“Everything had to be done by hand. Everything had to be unpacked and laid out and packed up again at the end of the day. There was lots of personal service provided to more wealthy customers, who expected that level of attention.
“There was also a lot of standing, so much so that a Seats for Shop Assistants Act was passed in Parliament. Now, of course, you’ll find a lot of shop assistants standing up once again, so it seems to have gone full circle.”
Because the role was seen as a respectable occupation it attracted aspirational girls who perhaps were even trying to disguise their working class origins by passing themselves off as middle class. And while the wages of the average shopgirl were not vast, this wave of pioneering women enjoyed new-found independence and had their own money to spend.
“Shop work was perfect for girls looking for more independence because they couldn’t rely on marriage − there weren’t enough men to go round,” says Dr Cox. “People made such a fuss about these girls in the late 19th century. There were novels written about them and plays. They were working away from the home in a public place for the first time. They were not servants in the home, a factory or dairy. They were a new kind of woman doing a new kind of thing. They even looked different, wearing the shopgirl uniform of a black silk dress. They were independent women out and about on the town. They were consumers and that is why they were sometimes seen as threatening.”
Shopgirls could be as young as 13 but were rarely older than their 20s. When they married they left the shops and often took on cooking or cleaning jobs instead.
The series will also lift the lid on some of the little-known realities of life for shopgirls, many of whom “lived in”, above shops and the new department stores. Often poorly paid, some doubled as sex workers, contributing to a sometimes seedy reputation in the late Victorian era.
Dr Cox is keen to highlight the role of PhD student Amanda Wilkinson in researching this area of some shopgirls’ lives.
“Not a lot was really known about it,” she says. “No-one lists their profession as ‘prostitute’. It was by no means widespread but it did exist.”
The series will also reveal how the lives of the girls and the stores they worked in were revolutionised in the early 20th Century, as they rebelled against poor working conditions.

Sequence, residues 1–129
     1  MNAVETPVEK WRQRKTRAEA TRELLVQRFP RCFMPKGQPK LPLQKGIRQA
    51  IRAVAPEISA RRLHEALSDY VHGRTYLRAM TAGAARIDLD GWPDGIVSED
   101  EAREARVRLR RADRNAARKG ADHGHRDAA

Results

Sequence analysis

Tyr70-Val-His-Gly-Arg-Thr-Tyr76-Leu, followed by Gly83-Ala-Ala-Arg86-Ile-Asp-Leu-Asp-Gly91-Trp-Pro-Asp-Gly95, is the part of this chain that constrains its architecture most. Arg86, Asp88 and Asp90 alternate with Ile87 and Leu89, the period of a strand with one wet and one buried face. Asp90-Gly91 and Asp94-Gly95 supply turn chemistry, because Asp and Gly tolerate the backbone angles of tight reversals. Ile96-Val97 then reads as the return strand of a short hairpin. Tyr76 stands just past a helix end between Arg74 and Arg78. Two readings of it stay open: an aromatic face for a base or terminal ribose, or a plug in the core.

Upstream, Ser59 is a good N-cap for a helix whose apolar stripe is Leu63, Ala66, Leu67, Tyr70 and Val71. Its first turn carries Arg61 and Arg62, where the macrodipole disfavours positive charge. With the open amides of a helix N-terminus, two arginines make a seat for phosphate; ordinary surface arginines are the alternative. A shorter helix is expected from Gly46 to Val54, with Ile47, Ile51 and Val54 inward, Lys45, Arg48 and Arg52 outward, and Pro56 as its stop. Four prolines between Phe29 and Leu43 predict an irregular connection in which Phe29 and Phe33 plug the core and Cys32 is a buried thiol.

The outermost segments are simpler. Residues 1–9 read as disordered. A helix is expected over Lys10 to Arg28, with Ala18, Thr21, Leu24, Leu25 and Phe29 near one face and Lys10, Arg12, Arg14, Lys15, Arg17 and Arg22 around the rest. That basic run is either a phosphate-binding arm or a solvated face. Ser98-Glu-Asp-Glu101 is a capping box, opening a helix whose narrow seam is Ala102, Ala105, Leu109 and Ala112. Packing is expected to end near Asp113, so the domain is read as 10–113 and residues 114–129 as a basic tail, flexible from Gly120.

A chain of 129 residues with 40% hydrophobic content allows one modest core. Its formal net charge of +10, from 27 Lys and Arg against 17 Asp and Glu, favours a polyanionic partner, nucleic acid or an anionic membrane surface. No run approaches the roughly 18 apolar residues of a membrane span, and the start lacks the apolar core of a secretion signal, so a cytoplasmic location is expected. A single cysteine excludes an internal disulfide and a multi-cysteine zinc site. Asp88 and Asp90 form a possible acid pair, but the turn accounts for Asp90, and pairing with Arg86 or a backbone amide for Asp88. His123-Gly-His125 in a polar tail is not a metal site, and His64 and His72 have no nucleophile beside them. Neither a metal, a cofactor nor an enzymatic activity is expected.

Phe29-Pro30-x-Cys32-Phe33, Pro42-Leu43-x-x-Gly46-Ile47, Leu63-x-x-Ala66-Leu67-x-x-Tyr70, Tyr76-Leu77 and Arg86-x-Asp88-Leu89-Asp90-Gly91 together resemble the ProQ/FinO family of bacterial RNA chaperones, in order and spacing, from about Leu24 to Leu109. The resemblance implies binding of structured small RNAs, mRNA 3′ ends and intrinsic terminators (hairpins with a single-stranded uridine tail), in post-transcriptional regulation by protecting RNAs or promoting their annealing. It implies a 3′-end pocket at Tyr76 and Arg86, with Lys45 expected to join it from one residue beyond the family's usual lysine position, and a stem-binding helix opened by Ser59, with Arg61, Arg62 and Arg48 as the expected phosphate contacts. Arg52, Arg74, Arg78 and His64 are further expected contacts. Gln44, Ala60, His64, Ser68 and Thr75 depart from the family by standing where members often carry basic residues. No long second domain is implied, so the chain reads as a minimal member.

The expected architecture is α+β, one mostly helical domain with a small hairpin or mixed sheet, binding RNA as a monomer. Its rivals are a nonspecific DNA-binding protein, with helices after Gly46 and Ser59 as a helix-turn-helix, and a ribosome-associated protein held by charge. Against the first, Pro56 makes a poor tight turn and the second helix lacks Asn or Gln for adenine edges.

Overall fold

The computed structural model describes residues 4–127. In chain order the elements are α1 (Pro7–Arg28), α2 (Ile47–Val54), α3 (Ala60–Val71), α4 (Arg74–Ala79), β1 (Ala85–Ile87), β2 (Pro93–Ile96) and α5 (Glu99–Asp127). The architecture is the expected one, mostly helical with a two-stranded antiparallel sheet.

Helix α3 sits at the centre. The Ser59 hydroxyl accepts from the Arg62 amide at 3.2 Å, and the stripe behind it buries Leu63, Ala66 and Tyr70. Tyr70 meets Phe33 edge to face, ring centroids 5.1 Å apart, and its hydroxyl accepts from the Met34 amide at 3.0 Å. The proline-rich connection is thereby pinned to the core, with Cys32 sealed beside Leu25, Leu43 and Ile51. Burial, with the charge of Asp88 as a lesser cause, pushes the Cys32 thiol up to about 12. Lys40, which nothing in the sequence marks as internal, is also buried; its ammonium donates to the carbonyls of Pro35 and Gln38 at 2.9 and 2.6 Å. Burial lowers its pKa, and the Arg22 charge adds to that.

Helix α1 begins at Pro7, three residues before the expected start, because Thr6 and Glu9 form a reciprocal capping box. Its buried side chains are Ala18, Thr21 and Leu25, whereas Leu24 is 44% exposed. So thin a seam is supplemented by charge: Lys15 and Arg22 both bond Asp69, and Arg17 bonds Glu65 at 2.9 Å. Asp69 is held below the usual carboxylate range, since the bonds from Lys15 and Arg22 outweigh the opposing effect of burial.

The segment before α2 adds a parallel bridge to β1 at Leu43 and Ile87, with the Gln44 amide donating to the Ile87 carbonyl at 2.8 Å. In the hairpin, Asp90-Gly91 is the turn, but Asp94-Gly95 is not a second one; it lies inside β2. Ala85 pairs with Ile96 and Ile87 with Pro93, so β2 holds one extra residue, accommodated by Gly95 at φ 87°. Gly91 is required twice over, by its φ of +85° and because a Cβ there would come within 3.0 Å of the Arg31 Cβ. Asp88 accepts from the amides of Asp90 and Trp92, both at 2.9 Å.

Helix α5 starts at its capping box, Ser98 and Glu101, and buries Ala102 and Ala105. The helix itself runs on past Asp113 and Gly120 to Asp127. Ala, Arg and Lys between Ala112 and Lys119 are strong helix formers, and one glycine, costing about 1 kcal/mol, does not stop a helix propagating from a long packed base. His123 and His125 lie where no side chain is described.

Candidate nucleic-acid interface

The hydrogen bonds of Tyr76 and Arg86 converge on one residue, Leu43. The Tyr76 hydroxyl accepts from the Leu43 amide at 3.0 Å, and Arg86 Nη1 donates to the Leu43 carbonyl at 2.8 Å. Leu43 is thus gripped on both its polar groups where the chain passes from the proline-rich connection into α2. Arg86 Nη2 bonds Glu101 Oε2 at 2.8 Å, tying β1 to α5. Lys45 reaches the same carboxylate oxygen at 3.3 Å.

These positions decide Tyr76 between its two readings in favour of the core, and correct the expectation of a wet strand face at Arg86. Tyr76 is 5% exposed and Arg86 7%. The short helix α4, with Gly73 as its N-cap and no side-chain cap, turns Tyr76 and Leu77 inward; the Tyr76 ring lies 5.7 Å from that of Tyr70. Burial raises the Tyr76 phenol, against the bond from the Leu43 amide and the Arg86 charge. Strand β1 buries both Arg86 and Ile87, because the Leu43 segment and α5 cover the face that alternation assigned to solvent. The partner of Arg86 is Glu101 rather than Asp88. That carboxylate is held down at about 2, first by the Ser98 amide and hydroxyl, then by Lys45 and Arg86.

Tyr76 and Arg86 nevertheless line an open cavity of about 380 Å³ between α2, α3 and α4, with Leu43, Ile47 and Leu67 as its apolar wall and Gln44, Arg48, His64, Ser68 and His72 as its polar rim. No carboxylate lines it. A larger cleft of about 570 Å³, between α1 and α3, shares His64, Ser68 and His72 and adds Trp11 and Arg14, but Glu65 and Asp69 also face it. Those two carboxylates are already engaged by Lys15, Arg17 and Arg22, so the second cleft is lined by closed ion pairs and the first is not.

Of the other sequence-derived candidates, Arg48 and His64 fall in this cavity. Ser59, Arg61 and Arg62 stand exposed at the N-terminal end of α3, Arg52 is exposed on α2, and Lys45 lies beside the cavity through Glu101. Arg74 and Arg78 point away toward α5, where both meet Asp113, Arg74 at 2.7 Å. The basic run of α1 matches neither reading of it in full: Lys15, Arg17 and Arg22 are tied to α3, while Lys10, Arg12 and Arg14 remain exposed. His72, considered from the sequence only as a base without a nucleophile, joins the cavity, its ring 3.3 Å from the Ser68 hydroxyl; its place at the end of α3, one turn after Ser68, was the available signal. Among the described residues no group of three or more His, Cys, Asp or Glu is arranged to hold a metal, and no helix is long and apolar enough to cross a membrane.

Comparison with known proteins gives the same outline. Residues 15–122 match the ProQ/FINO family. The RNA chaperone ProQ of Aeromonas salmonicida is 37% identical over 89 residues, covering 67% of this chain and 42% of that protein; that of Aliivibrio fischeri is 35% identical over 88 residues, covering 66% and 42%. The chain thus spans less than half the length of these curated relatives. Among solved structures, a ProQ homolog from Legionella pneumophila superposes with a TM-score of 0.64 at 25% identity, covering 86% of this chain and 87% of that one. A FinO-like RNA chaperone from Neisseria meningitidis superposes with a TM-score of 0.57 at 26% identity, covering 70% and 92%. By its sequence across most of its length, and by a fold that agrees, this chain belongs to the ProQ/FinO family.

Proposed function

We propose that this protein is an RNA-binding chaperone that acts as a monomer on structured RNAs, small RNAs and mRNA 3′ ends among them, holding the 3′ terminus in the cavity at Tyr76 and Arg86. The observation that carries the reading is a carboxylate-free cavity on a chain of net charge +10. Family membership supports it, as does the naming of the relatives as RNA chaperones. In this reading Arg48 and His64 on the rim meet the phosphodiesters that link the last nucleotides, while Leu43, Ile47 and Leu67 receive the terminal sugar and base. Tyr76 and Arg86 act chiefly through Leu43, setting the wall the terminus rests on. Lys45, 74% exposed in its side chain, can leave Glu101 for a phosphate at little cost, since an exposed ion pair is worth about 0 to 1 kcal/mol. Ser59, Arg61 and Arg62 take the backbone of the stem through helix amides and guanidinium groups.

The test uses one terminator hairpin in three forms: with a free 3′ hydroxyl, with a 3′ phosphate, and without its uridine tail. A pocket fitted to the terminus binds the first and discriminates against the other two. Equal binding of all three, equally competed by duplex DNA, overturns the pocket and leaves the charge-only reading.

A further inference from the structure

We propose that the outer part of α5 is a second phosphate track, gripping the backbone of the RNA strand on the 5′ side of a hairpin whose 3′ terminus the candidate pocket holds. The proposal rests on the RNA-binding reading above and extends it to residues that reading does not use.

Britain’s first woman cabinet minister, Margaret Bondfield, was actually a former shopgirl, who, in the late 1890s, before entering politics, went undercover to reveal the harshness of life behind the counter.
The First World War changed the lives of women shop assistants still further, giving them the opportunity to step into new roles and up-market stores, such as Harrods.
With the outbreak of the Second World War, younger women started to sign up for the Land Army, leaving shop owners with no choice but to employ older women − many of whom were mothers − and set up nurseries for their children.
“It was the start of the rise of part-time work in shops, which was to characterise much of retail for the rest of the century,” says Dr Cox.
It’s been an incredible journey, from the trailblazers of the mid-19th Century to the modern consumer culture of the 21st Century.
“The series acknowledges how hard these girls worked and the impact they made,” says Dr Cox.
Nowadays, of course, the high street they helped shape is under threat from a new kind of shopping phenomenon, with the rise of online retailing.
“We don’t need shops in the way we once did,” says Dr Cox, “but because of the service, or the experience, we want to do it. The future of retail is up to us, as consumers.”
• Shopgirls: The True Story of Life Behind the Counter begins on BBC2 on Tuesday, June 24 at 9pm. A book to accompany the series, Shopgirls, by Dr Cox and series producer Annabel Hobley, is available from www.randomhouse.co.uk/editions/9780091954468.